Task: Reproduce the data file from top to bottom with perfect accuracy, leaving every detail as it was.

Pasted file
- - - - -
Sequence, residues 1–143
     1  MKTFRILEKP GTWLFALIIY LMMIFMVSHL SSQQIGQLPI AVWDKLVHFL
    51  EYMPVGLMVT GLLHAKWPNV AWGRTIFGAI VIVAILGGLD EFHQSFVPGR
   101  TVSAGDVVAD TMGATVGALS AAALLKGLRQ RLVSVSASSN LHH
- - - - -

Sequence, residues 1–143
     1  MKTFRILEKP GTWLFALIIY LMMIFMVSHL SSQQIGQLPI AVWDKLVHFL
    51  EYMPVGLMVT GLLHAKWPNV AWGRTIFGAI VIVAILGGLD EFHQSFVPGR
   101  TVSAGDVVAD TMGATVGALS AAALLKGLRQ RLVSVSASSN LHH